Coal India Ltd.’s employees plan to go on an indefinite strike should the government proceed with a plan to raise 200 billion rupees ($3.7 billion) selling shares in the world’s biggest producer of the fuel.
The workers will “vehemently oppose” any such decision, said S.Q. Zama, secretary general at the ruling Congress Party-backed Indian National Mineworkers Federation, citing a memo to Coal Minister Sriprakash Jaiswal. A day’s strike in Coal India may lead to a loss of about 1.2 million metric tons, worth about 1.7 billion rupees, based on the company’s average selling price of 1,438 rupees a ton in the quarter ended Dec. 31.
The stoppage will squeeze supplies to Indian power plants, cement and steel factories. Coal India, which missed its output target for the year ended March 31, is battling law and order problems, labor unrest and delays in acquiring land and mining approvals to boost production and avoid resorting to imports to meet contracts. A peak shortfall of 9 percent in electricity supplies leads to outages that shave about 1.2 percentage points off the $1.8 trillion economy, according to the government.
“The government has to win the support,” of the labor unions, said Prasad Baji, an analyst at Edelweiss Financial Services Ltd. in Mumbai, who recommends investors buy the stock. “To make the share sale attractive, the government may allow the company to raise prices and counter the increase in costs.”
The shares fell 0.5 percent to 309.25 rupees at the close in Mumbai. The stock has lost 13 percent this year, compared with a 5 percent decline in the benchmark S&P BSE Sensex.
Coal India may raise prices this fiscal year, Macquarie Capital Securities (India) Pvt. analysts Rakesh Arora and Sumangal Nevatia wrote in a April 1 report. The company last raised regular prices in February 2011, while a reclassification of its products based on their heat value starting Jan. 1, 2012, led to a 3 percent increase in selling prices. The Kolkata-based company agreed to a wage increase starting in July 2011.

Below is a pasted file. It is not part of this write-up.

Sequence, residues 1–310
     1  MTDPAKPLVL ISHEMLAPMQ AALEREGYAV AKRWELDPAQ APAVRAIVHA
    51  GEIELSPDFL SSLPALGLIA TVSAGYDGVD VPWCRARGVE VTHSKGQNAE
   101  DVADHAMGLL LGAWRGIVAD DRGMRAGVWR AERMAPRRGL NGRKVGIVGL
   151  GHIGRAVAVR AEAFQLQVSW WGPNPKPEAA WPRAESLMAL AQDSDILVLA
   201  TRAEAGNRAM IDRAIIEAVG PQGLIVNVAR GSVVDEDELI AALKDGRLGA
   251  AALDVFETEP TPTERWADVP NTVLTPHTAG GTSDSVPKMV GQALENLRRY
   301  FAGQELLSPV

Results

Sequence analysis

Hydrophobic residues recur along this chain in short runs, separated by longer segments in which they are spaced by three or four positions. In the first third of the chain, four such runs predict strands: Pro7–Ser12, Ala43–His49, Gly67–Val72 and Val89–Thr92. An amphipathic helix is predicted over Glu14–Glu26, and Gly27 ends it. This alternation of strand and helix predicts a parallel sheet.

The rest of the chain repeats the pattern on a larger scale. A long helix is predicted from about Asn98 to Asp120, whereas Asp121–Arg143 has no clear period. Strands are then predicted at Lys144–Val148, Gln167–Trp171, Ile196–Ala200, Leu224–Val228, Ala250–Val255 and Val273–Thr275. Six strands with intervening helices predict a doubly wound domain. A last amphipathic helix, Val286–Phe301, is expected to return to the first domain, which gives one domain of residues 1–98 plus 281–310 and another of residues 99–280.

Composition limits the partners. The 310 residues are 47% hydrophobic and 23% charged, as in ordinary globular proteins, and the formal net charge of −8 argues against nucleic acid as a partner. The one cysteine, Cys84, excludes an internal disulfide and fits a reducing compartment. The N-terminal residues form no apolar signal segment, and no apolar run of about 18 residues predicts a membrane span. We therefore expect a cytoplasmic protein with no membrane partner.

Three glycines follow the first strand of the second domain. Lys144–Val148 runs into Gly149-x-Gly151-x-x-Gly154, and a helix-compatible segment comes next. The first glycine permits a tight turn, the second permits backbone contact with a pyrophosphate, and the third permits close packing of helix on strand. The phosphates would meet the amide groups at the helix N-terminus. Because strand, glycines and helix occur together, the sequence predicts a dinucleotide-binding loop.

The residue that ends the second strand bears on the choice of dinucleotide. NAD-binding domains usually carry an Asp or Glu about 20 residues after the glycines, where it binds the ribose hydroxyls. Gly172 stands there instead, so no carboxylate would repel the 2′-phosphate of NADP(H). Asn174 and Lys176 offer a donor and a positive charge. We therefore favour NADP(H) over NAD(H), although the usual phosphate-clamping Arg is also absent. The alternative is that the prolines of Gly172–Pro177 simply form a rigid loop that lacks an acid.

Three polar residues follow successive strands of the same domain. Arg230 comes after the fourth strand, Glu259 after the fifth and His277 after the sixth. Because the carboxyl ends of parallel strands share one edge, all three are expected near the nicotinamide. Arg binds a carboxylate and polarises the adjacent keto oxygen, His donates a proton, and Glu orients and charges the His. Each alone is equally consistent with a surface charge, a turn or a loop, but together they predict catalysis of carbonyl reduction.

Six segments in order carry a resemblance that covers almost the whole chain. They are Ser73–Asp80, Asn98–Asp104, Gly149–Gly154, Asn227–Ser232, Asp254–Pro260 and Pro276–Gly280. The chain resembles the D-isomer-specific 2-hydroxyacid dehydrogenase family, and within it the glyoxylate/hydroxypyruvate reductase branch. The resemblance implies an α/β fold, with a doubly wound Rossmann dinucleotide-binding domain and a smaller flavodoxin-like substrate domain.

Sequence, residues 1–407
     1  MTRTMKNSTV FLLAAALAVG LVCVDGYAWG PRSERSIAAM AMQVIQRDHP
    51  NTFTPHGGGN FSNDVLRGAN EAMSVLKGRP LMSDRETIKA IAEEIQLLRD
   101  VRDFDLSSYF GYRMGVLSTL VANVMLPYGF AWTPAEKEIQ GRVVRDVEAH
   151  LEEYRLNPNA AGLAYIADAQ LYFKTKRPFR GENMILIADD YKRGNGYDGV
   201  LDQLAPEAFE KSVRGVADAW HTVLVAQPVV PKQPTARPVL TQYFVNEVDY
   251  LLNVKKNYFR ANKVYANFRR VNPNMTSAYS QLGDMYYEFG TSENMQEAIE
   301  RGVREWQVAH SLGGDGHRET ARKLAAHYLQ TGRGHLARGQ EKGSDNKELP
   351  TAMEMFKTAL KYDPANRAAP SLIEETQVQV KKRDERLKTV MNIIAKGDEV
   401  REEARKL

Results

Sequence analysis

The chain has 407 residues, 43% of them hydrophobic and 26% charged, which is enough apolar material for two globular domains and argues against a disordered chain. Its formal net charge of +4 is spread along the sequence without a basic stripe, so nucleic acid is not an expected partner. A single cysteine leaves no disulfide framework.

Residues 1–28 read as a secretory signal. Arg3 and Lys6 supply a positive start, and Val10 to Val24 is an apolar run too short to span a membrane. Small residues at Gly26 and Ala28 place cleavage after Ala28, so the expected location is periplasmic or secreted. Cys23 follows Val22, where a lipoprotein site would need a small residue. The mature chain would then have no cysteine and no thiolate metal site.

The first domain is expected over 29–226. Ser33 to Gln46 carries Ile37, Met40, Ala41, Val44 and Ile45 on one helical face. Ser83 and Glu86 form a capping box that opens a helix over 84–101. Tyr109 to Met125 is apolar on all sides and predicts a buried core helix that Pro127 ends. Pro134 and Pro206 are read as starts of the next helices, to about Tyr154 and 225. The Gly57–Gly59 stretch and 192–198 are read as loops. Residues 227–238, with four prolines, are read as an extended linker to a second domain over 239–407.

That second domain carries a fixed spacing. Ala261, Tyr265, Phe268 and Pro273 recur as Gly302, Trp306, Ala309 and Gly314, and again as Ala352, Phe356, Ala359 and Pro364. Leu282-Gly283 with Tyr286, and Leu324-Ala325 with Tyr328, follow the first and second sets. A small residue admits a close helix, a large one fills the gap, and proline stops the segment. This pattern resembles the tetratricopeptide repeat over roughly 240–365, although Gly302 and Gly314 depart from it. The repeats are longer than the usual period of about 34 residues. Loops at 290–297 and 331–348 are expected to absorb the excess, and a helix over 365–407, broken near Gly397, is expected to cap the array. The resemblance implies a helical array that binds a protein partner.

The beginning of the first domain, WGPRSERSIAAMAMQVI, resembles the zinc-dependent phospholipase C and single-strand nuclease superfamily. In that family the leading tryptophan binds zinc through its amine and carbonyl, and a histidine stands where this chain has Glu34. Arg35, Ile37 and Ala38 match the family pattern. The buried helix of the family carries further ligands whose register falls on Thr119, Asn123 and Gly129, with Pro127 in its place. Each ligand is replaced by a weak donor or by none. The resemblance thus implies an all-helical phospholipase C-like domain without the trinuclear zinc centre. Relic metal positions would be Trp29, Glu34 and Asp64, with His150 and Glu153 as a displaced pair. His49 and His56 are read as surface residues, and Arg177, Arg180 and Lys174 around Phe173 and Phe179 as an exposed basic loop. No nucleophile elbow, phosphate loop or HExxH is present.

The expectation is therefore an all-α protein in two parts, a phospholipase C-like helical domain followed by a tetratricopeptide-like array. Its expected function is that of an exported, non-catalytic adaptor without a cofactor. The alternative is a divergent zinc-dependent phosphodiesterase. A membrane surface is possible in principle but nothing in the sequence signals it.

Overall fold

The government, which owns 90 percent in the miner, is considering selling a 5 percent stake to the public and a similar holding to Coal India, according to a finance ministry draft proposal obtained by Bloomberg News. A directive by the market regulator to state-run companies to reduce the holding of the government to 75 percent by August this year may be used as a ground to convince the workers.
“Any further sale in Coal India will be a breach of promise,” Zama said in a phone interview. “The government is not a beggar. It can find other ways to bridge the deficit.”
NTPC, Oil India
Prime Minister Manmohan Singh’s administration sold stakes in companies including NTPC Ltd., NMDC Ltd. and Oil India Ltd. for about 240 billion rupees in the year ended March 31 to shrink the widest budget deficit among major emerging economies, pay subsidies and invest in public works. The divestment list to raise 400 billion rupees this fiscal year also includes National Aluminium Co., Rashtriya Ispat Nigam Ltd., Indian Oil Corp., Power Grid Corp. of India, and Bharat Heavy Electricals Ltd.
“Workers fear a stake sale will lead to privatization and exploitation,” R. Mohan Das, director for personnel at Coal India, said in an interview.
Five central worker unions, led by the Indian National Trade Union Congress, opposed a 10 percent share sale in Coal India in 2010, saying it would pave the path for privatization of the company and jeopardize employee interests. The 152 billion rupee sale, India’s biggest until then, went ahead on the then finance minister Pranab Mukherjee’s assurance that no further stake would be sold.
‘We Are One’
“All coal sector workers will go on a continuous strike from the day this decision is announced by the government,” said Jibon Roy, secretary at the Centre of Indian Trade Unions, a unit of the opposing Communist Party of India (Marxist). “On this matter, we are one.”
Finance Minister Palaniappan Chidambaram has asked cash-rich state companies to use their surplus cash for projects, or give it back to the government as dividend, or buy back shares. Coal India has a cash reserve of $12 billion.
“We anticipate some labor issues in going ahead with further disinvestment in Coal India,” Coal Secretary S.K. Srivastava said in a phone interview. “We will do our best to convince them.”
Coal India workers went on a one-day strike in Oct. 10, 2011, asking for higher bonus payments for the year, a demand the company met. They threatened to go on strike again three months later and won an increase in wages.
“Coal India has to improve its output and sales volumes to boost investor sentiments,” said Rahul Jain, an analyst with CIMB Securities India Pvt. in Mumbai, who has an underperform rating for the stock. “In absence of these, the company may see a decline in earnings this fiscal year because of the increase in costs.”